Prompted by a reader, I spent a week last June elaborating on the assertion that the post World War II development pattern in the United States operates like a financial Ponzi scheme. It is an observation I'd made quite a while back and had referred to often but, up to that point, had only described in passing. The response was overwhelming.
I certainly was not anticipating at the time that the Ponzi Scheme articles would draw that much attention. They went viral pretty quickly and are still the biggest source of new traffic to our website each month. The summary piece that appeared in Grist, amongst other reprintings, has been posted on Facebook nearly 3,000 separate times and I've seen it translated into both French and Spanish.
While I find the Ponzi scheme description to be very accurate and I stand by it fully, I do lament that so many people automatically associate Ponzi scheme with a malicous intent. I can't tell you how many people have emailed me with outrage that I would suggest America's mayors and council members are trying to defraud their constituents. I'm not suggesting that, and in the Curbside Chat booklet I made sure and explained that the Ponzi scheme description applied to the underlying financial mechanisms, not the intentions of those involved. We've all been suckered in this one.
This post is the last of our Best of Blog series. We're going to take the next couple of weeks off here to let our brains rest, spend some time with our families and enjoy a beautiful end to the year. Thank you for reading, for sharing our stuff with others and for everything you do to make your town a Strong Town. I'm looking forward to much more of this in 2012.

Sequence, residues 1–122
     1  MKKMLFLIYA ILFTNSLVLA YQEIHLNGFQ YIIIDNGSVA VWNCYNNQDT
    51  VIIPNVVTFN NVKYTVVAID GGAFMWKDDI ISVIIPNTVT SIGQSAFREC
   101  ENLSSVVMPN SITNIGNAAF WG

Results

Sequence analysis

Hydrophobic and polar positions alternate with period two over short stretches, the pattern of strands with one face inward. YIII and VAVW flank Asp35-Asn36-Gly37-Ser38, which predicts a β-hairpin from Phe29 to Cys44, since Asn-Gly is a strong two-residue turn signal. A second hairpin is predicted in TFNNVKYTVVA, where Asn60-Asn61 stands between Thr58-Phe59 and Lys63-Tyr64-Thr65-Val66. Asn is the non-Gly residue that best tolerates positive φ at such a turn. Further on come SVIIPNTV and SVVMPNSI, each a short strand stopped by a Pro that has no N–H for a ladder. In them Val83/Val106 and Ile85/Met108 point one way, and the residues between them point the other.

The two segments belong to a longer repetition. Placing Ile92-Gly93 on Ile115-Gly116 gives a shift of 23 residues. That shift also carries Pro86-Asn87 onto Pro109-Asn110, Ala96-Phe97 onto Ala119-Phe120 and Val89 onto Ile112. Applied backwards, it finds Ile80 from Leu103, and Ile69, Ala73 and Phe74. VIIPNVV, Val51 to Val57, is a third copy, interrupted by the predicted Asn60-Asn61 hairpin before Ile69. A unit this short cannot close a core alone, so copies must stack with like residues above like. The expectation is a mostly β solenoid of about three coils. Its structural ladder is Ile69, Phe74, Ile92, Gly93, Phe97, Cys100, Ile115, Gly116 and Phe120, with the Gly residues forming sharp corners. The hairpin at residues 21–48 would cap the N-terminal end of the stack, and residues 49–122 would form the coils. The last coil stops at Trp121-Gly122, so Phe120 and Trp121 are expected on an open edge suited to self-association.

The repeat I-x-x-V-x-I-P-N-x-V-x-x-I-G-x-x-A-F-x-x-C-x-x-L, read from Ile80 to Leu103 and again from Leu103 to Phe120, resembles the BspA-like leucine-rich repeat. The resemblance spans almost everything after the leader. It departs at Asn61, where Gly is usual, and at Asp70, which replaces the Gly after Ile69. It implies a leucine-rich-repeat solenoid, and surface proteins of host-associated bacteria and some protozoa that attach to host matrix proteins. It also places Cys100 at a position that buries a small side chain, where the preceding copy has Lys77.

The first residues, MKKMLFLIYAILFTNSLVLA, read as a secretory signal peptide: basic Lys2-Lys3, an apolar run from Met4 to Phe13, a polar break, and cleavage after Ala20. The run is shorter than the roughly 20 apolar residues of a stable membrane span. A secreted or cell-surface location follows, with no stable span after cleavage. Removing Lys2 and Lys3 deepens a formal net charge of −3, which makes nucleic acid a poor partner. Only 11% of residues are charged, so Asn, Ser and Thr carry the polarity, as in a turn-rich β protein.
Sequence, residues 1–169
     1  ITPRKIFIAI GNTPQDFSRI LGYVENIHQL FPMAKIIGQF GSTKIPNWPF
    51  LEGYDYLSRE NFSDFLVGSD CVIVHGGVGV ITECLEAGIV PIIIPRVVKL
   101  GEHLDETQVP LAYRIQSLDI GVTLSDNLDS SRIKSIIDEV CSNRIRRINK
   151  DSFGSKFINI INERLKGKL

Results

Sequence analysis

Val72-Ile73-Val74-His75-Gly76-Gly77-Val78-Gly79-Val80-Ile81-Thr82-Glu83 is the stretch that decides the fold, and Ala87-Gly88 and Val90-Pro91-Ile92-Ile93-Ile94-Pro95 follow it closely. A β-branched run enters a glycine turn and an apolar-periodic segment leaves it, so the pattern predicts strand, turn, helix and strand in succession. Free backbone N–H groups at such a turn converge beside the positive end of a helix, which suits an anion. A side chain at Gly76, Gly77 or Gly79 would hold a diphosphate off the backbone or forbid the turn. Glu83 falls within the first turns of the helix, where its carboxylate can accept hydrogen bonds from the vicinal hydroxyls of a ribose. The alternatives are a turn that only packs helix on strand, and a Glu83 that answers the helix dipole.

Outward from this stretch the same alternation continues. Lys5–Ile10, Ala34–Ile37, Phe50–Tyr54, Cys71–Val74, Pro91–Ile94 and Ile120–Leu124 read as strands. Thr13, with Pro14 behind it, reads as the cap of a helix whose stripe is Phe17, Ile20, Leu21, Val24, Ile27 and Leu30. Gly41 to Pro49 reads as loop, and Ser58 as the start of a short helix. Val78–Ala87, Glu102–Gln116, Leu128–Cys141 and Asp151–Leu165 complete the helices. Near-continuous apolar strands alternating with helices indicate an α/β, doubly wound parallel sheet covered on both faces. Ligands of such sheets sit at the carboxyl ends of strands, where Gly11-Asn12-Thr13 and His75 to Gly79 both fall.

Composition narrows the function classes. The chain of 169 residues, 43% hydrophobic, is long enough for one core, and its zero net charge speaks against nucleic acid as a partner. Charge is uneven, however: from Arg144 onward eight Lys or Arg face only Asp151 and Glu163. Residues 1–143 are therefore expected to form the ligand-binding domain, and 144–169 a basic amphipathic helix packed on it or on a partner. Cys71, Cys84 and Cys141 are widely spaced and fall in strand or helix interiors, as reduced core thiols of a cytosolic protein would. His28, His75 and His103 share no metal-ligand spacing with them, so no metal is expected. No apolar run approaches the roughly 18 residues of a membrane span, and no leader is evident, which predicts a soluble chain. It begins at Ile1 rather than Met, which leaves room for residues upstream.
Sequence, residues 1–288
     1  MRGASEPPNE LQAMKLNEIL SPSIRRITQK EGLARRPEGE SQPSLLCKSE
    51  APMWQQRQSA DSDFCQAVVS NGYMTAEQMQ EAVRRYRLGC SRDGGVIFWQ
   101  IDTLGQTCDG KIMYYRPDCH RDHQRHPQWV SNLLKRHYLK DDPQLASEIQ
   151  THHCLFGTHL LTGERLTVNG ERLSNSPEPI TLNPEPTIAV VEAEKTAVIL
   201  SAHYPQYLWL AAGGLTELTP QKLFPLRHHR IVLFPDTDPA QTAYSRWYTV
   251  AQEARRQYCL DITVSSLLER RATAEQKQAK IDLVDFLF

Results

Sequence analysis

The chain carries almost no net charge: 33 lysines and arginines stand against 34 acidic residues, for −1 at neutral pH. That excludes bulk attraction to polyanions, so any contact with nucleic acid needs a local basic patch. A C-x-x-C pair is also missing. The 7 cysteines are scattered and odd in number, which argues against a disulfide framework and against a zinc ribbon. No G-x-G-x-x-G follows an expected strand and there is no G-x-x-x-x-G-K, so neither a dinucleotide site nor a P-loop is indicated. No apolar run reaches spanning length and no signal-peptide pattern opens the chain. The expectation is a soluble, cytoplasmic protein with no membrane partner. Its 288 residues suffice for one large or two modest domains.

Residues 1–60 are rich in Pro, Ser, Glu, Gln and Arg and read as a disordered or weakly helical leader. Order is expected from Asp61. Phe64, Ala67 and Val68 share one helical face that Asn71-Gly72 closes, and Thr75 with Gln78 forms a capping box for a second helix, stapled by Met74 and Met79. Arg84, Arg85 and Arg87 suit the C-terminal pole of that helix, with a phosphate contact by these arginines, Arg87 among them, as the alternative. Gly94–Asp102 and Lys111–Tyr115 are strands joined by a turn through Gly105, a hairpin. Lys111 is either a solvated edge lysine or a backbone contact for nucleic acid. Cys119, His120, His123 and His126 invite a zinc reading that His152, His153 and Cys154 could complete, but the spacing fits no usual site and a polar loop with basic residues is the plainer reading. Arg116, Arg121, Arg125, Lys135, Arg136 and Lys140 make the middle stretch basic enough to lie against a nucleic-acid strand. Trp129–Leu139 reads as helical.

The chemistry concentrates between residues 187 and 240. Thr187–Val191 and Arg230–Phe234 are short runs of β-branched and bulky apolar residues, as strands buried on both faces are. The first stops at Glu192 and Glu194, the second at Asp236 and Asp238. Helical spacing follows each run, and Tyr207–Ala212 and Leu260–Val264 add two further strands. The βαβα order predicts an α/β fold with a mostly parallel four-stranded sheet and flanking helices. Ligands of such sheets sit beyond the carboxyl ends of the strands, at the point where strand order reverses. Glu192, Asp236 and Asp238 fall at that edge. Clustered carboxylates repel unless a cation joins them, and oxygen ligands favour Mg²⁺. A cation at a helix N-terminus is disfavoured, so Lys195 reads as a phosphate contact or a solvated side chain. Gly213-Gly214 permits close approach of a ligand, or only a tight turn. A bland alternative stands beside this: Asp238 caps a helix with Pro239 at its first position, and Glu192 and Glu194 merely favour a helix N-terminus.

We often forget that the American pattern of suburban development is an experiment, one that has never been tried anywhere before. We assume it is the natural order because it is what we see all around us. But our own history -- let alone a tour of other parts of the world -- reveals a different reality. Across cultures, over thousands of years, people have traditionally built places scaled to the individual. It is only the last two generations that we have scaled places to the automobile.
How is our experiment working?
At Strong Towns, the nonprofit, nonpartisan organization I cofounded in 2009, we are most interested in understanding the intersection between local finance and land use. How does the design of our places impact their financial success or failure?
What we have found is that the underlying financing mechanisms of the suburban era -- our post-World War II pattern of development -- operates like a classic Ponzi scheme, with ever-increasing rates of growth necessary to sustain long-term liabilities.
Since the end of World War II, our cities and towns have experienced growth using three primary mechanisms:
- Transfer payments between governments: where the federal or state government makes a direct investment in growth at the local level, such as funding a water or sewer system expansion.
- Transportation spending: where transportation infrastructure is used to improve access to a site that can then be developed.
- Public and private-sector debt: where cities, developers, companies, and individuals take on debt as part of the development process, whether during construction or through the assumption of a mortgage.
In each of these mechanisms, the local unit of government benefits from the enhanced revenues associated with new growth. But it also typically assumes the long-term liability for maintaining the new infrastructure. This exchange -- a near-term cash advantage for a long-term financial obligation -- is one element of a Ponzi scheme.